Going on a jet plane… – DU Abroad

I have moved 12 times in my life. 10 of these movements took place before I was fifteen. From Colorado to Montana to Idaho to Colorado and on and on, but none of that prepared me to move to Glasgow, Scotland. I came to Glasgow with my best friend. We didn’t plan it that way, we just have the same major, and Glasgow was our program of choice. It gave me a sense of stability as I prepared to leave Colorado. I have never lived away from my family before; I stayed in college for this reason. I knew it would be hard and I was scared. Maybe that’s why I procrastinated until two days before leaving. I was afraid of being homesick. I didn’t realize you had no choice whether to be homesick or not.

Everyone came to the airport to send me away. My mother, my mother’s boyfriend, my grandmother and my boyfriend. We fit as many people as possible into Nana’s Toyota Rav 4. I tried not to cry the whole way to the airport, but every few minutes a tear would fall. I rushed through the goodbyes as fast as I could trying and failing to keep it together. I was shaking as I watched their car drive away. I was still sad as a best friend, and went through security, but I couldn’t understand why. I remember watching the sunset as I sat in my doorway thinking “I had already said goodbye so why was I still upset?” The flight from Denver to London took 9 hours. We arrived at 11:30 am and the first thing I noticed when arriving were the cars on the freeway, they were all driving on the left side of the road. It was something small, but it looked so funny to me. Due to British Airways strikes our flights were reversed a month before we left and we were stuck with an 8 hour layover at London Heathrow Airport. We got food and took turns sleeping while waiting for the flight. I watched the sunset again at the door and wondered if I was going to feel that sadness every time I watched the sun go down. By the time we arrived in Glasgow we were exhausted. It was 11:30 p.m. when we entered our apartment. The whole building was quiet. We were so tired but due to the 7am time change we couldn’t sleep. We ordered the Domino’s pizza (of all things) using a coupon we received in our welcome kit and started settling in. I remember falling asleep that night, feeling weird. I was safe and I was comfortable, but I was sad. I wondered if I was going to be homesick the whole time I was in Glasgow.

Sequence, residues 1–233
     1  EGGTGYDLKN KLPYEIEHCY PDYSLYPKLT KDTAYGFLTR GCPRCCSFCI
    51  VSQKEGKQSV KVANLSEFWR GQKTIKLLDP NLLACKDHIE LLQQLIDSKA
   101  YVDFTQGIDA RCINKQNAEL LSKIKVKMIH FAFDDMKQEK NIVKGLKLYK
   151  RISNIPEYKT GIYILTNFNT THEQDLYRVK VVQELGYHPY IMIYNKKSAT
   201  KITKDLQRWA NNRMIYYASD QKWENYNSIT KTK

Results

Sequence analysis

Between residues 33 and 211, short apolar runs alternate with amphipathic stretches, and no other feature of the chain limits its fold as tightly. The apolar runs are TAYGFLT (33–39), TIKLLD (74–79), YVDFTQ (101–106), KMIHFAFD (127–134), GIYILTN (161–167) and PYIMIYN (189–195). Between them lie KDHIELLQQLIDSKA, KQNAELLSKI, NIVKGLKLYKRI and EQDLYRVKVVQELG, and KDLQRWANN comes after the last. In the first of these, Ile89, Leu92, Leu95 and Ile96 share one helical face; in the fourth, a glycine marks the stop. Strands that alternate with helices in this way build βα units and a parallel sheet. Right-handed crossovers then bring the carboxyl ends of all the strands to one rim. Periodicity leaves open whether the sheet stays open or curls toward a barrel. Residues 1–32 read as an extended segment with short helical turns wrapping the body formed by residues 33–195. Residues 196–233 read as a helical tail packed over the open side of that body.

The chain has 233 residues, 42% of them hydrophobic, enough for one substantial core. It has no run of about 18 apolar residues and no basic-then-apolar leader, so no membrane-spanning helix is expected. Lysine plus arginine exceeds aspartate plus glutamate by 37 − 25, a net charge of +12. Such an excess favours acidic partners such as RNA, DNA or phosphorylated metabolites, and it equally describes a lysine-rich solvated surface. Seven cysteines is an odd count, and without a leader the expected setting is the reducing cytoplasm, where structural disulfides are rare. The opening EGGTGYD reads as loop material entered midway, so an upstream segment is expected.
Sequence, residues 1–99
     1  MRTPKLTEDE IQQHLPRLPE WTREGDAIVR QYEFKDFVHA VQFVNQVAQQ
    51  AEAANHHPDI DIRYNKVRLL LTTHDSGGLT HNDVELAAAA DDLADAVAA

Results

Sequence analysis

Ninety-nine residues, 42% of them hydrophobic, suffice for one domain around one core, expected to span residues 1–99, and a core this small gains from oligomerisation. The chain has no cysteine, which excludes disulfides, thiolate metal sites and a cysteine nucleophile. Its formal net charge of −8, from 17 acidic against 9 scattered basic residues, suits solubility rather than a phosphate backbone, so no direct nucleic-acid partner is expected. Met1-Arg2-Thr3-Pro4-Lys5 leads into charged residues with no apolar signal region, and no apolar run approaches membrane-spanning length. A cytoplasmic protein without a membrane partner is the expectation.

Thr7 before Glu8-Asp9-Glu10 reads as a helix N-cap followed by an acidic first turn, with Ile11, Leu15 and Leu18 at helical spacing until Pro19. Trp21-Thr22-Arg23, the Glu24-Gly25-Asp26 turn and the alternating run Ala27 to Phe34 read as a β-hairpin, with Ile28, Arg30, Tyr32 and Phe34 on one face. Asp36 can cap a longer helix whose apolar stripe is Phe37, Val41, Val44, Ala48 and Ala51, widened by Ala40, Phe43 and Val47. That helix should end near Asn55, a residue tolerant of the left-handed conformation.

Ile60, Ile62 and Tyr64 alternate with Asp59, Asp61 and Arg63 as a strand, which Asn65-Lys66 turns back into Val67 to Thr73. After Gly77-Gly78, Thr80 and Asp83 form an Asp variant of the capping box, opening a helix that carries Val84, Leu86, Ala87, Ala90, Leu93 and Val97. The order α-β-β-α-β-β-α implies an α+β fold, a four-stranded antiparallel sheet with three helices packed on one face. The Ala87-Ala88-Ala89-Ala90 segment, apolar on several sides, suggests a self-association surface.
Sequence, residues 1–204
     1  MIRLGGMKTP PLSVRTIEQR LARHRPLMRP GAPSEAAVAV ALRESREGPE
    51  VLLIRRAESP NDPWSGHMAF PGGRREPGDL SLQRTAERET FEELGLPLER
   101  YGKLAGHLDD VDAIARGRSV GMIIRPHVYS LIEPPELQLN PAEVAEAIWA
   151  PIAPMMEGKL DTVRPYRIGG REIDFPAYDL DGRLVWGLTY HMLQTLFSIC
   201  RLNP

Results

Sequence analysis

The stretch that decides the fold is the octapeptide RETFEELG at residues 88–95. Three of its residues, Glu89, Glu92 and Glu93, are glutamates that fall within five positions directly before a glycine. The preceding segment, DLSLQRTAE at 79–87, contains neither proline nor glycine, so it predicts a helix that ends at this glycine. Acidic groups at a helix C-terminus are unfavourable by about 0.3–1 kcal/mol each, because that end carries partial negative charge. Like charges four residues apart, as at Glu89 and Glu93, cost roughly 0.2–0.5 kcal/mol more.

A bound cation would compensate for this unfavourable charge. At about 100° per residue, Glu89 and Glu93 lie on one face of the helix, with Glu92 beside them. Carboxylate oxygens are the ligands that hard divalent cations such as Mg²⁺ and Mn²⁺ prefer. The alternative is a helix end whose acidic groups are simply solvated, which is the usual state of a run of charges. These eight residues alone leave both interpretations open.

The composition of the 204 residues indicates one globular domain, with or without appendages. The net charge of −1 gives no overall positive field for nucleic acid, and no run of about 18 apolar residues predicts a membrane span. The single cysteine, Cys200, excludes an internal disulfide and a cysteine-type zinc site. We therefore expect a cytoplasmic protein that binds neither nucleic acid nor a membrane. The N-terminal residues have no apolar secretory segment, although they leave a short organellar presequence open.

Being the problem solver that I am, I immediately wondered how I could leave the program early. For the last few weeks there were no classes, so maybe I could get home earlier than planned, maybe I could change my flight, maybe I could change the flight of my boyfriend so he can visit me earlier, maybe I couldn’t do that. These thoughts and emotions lasted for over a week. I felt physically ill too. I was dizzy and nauseous all the time. I was tired every hour of the day even after the jet lag ended. I had headaches and it seemed that this disease was not getting better. After the third or fourth day of complaining to my best friend, she said it was all in my head. I was so offended. Why would she tell me I’m making this thing up? I really didn’t feel well. But after thinking about it and doing a quick Google search, I realized she was right. I was homesick.